Marion is unique in that it was founded and platted as the county seat of the new Linn County before anyone actually lived here. Surveyed in November 1839, lots went up for public auction on December 6, 1839. Marion quickly became the business center of the county and by 1855 had a population of 1,500.
19th century business centered around City Square Park. The park still serves as a hub of activity, but business and manufacturing have spread well beyond this beginning.
By the early 1850’s, it was obvious the railroad was the transportation of the future. On October 13, 1864 the railroad steamed into Marion. Over the next century, Marion would be an important railroad hub for the Milwaukee and St. Paul Railway, later known as the Milwaukee Road. In 1887, Marion became a Division point for this railroad with a roundhouse plus additional business offices which needed a new depot. It was placed adjacent to the business district.
Marion has always been a family-oriented community. A school and churches were established even before permanent homes and business structures were built. As the community grew, new schools were built. Today there are two large school districts in Marion, both noted for their academic excellence. Marion is also the home of Keith Vawter, the founder of the Chautauqua Circuit, a very popular adult education movement of the late nineteenth and early twentieth centuries.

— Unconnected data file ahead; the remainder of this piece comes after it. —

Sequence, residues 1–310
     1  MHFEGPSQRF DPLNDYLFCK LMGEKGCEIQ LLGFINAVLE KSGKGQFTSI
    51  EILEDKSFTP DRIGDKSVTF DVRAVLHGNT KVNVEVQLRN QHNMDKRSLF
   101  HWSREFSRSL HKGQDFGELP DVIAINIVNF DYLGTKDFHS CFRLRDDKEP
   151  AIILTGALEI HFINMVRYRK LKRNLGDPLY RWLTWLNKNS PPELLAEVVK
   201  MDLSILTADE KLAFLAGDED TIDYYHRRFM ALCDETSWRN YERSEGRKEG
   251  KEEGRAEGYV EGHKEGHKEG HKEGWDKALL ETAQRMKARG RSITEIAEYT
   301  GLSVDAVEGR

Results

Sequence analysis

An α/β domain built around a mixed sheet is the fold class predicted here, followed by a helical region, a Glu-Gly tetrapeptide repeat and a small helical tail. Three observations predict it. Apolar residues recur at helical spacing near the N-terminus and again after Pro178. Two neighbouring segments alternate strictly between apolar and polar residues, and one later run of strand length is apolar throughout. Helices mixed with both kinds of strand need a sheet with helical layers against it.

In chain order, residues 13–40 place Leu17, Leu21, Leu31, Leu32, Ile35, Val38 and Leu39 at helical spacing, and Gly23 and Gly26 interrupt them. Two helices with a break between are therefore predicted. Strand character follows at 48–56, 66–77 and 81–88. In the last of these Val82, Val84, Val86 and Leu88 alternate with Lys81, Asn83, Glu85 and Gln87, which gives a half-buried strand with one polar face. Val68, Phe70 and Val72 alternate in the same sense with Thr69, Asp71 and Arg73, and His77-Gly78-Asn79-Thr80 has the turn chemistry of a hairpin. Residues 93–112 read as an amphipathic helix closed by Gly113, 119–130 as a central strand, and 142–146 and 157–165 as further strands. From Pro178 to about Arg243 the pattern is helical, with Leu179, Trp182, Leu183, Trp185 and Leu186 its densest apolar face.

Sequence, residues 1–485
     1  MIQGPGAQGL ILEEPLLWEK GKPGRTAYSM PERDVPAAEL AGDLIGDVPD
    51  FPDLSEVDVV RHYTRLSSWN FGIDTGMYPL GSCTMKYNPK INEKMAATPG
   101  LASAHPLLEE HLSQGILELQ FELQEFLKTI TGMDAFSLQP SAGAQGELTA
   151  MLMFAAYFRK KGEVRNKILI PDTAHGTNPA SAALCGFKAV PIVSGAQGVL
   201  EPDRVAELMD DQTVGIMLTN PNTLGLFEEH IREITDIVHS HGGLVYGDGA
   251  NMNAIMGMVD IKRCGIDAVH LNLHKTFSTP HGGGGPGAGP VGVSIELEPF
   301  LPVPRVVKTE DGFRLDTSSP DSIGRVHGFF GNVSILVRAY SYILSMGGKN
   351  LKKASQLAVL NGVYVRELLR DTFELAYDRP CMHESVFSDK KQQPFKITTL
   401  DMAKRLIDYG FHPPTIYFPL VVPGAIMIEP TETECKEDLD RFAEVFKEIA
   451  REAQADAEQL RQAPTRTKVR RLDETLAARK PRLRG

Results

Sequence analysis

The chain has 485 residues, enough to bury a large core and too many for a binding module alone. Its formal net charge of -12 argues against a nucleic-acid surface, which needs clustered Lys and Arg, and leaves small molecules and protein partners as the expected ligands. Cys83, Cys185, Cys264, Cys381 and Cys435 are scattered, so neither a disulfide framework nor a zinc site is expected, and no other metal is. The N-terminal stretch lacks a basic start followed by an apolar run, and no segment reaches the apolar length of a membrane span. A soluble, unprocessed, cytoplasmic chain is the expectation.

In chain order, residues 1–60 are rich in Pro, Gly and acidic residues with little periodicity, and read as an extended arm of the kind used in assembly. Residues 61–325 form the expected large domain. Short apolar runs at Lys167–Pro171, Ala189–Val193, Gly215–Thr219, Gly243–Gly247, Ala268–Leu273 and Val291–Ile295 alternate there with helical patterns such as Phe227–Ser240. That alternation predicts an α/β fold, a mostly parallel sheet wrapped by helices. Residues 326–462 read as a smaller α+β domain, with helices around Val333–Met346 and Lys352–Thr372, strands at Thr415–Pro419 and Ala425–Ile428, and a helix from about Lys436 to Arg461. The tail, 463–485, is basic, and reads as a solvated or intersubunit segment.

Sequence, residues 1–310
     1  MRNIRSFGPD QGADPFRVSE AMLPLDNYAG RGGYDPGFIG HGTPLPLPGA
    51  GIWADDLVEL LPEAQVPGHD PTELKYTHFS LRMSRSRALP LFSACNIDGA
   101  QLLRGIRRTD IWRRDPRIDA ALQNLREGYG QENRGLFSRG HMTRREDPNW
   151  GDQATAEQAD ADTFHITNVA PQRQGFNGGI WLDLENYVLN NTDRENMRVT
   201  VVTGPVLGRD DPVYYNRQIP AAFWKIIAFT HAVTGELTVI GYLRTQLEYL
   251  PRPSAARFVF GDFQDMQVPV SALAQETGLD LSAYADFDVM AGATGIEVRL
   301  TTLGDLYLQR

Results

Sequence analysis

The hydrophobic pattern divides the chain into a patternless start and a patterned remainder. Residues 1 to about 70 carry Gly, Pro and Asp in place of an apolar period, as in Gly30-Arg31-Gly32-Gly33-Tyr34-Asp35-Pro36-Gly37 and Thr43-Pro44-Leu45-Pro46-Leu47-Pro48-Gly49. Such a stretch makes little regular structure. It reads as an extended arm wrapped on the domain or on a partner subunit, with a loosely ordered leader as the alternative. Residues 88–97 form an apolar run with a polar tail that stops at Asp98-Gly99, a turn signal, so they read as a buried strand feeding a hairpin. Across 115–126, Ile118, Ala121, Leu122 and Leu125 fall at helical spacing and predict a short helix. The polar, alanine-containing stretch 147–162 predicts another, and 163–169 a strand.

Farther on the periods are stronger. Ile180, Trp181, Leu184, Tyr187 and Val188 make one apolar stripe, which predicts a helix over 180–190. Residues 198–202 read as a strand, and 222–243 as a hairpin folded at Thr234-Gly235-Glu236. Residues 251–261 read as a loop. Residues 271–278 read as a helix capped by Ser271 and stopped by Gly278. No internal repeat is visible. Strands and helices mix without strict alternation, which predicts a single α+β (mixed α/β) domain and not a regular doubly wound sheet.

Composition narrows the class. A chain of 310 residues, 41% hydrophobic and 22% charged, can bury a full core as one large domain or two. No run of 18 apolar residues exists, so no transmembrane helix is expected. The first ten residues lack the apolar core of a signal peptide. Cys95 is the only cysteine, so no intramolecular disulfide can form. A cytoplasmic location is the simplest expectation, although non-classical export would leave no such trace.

City parks were added as the footprint of the city grew. Today Marion's Parks and Recreation Department maintains over 600 acres of public ground with a combined total of 41 parks and green spaces. City Square Park is home to the nationally-acclaimed Marion Arts Festival each summer, as well as concerts, farmers' markets and numerous other family-friendly activities. Lowe Park has ongoing art exhibits, is the center of senior adult activities, and is home to the newly-dedicated Klopfenstein Amphitheater for the Performing Arts.
Marion celebrates its heritage with an active Historical Society with permanent historical collections at the historic Granger House and the Marion Heritage Center. Both centers offer unique programming year around. Marion also contains three National Historic Districts and numerous homes on the National Historic Register.